Washington city faces lawsuit over homeless encampment clearing

Washington state workers were acting unconstitutionally when they seized belongings and medical records of those living in homeless camps, a lawsuit filed earlier this month claims.

Puyallup workers bulldozed property in 2016 and 2017 without notice, according to the lawsuit. The suit states the city discarded the property they seized, The News Tribune reported Friday. The suit was filed Sept. 14 and seeks unspecified damages.

“Here, we believe that the city and county have violated the rights of people living without housing in Puyallup,” said attorney Tristia Bauman, who works for the National Law Center on Homelessness & Property and represents one of the six plaintiffs.

The City of Puyallup and Pierce County defended their actions, saying they gave those in the encampment plenty of time to leave and they “prioritize health and safety for all citizens in our community.”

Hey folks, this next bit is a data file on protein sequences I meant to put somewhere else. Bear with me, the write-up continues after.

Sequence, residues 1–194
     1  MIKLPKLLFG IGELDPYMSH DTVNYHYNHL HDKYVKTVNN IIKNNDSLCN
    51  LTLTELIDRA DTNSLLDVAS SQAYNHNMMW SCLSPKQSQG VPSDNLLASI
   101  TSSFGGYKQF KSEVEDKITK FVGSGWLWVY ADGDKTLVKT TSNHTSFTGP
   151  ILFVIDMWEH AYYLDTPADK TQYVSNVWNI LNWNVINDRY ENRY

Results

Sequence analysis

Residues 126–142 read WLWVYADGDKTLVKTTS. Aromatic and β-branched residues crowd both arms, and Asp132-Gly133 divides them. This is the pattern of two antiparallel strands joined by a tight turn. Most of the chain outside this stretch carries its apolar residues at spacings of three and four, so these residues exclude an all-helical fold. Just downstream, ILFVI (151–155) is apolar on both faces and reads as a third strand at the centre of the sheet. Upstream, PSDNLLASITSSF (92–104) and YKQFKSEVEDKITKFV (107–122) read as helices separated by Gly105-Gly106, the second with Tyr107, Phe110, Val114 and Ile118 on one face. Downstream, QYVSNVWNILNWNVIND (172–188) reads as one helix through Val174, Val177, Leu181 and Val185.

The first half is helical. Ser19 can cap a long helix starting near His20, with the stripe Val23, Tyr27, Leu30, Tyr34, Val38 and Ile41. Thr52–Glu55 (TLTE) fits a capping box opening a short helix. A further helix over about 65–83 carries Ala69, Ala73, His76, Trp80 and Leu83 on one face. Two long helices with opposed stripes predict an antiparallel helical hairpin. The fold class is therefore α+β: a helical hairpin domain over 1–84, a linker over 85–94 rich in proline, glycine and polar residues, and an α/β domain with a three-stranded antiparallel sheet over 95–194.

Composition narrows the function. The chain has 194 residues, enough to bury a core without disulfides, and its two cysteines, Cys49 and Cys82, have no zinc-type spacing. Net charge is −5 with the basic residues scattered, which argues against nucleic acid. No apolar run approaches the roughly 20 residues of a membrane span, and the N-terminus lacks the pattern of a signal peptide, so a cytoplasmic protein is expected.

“When it is necessary to conduct a homeless encampment clean-up due to the clear presence of dangerous and unhealthy conditions, all affected persons are given ample notice and sufficient time to collect and remove their belongings,” Puyallup officials said in a statement. “They are also referred to resources and services which can assist them if they choose to accept such services.”

Nancy Boyle, 57, and Glenn Humphreys, 54, are among those suing Puyallup. They claim they left their camp to stay in a shelter when temperatures got colder and when they returned they found a three-day notice to leave their camp, according to The News Tribune. The following day, police told them they had three minutes to leave.

The city workers allegedly tossed things like Humphreys’ tools, documents he needed to get Veteran’s Administration services, his Social Security ID card, Boyle’s German birth certificate and naturalization papers, according to The News Tribune.

Jerome Connolly, 34; Christian Rainey, 51; Nicki Wedgeworth, 50; and Terry Linblade 55 were also listed as plaintiffs in the lawsuit and shared similar experiences.

Connolly and Rainey claim they had their medicine destroyed, while Wedgeworth and Lindblade had family photos and a GED certificate allegedly thrown away.